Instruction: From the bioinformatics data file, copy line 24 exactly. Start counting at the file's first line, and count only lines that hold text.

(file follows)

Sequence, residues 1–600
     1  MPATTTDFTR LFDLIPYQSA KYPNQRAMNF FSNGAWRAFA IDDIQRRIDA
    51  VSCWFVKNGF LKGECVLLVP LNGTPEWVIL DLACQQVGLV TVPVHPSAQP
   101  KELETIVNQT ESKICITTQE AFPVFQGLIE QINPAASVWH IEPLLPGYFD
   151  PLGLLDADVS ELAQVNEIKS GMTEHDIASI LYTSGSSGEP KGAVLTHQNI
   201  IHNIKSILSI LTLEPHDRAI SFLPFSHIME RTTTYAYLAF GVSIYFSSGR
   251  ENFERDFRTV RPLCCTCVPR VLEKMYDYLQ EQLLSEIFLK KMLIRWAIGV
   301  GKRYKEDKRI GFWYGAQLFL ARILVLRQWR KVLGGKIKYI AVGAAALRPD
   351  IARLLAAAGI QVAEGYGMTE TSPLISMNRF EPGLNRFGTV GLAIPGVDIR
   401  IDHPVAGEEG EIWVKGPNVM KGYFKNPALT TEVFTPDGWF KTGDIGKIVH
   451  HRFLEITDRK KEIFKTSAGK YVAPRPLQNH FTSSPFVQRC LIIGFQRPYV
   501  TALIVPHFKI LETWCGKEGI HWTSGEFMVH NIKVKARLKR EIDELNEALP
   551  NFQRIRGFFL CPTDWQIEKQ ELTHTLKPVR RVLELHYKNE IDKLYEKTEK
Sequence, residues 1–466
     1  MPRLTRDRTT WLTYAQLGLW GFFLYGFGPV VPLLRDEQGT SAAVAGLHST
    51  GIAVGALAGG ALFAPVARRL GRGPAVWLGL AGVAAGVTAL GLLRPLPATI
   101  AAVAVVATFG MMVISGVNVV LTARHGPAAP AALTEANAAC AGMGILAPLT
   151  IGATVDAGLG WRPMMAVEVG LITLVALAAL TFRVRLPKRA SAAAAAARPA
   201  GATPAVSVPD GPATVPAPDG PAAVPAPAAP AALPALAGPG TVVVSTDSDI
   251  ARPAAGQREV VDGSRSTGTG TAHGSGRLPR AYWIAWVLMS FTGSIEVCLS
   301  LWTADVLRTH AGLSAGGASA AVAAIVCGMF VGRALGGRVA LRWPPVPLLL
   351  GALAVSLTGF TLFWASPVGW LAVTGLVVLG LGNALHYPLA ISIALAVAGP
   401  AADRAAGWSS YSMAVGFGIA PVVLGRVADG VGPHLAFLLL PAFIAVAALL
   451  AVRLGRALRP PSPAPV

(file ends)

   451  AVRLGRALRP PSPAPV